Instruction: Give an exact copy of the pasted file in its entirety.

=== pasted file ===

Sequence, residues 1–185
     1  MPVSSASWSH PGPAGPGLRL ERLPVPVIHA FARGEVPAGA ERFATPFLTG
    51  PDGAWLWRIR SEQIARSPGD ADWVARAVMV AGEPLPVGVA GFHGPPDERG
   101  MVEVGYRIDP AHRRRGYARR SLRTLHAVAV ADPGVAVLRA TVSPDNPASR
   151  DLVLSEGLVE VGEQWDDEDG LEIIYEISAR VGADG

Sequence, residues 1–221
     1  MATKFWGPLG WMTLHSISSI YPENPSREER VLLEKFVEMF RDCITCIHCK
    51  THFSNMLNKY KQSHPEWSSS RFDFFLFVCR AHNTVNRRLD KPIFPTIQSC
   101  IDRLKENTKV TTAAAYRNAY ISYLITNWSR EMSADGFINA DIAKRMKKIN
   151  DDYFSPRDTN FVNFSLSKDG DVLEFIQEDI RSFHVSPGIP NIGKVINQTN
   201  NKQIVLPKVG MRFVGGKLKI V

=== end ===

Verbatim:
Sequence, residues 1–185
     1  MPVSSASWSH PGPAGPGLRL ERLPVPVIHA FARGEVPAGA ERFATPFLTG
    51  PDGAWLWRIR SEQIARSPGD ADWVARAVMV AGEPLPVGVA GFHGPPDERG
   101  MVEVGYRIDP AHRRRGYARR SLRTLHAVAV ADPGVAVLRA TVSPDNPASR
   151  DLVLSEGLVE VGEQWDDEDG LEIIYEISAR VGADG

Sequence, residues 1–221
     1  MATKFWGPLG WMTLHSISSI YPENPSREER VLLEKFVEMF RDCITCIHCK
    51  THFSNMLNKY KQSHPEWSSS RFDFFLFVCR AHNTVNRRLD KPIFPTIQSC
   101  IDRLKENTKV TTAAAYRNAY ISYLITNWSR EMSADGFINA DIAKRMKKIN
   151  DDYFSPRDTN FVNFSLSKDG DVLEFIQEDI RSFHVSPGIP NIGKVINQTN
   201  NKQIVLPKVG MRFVGGKLKI V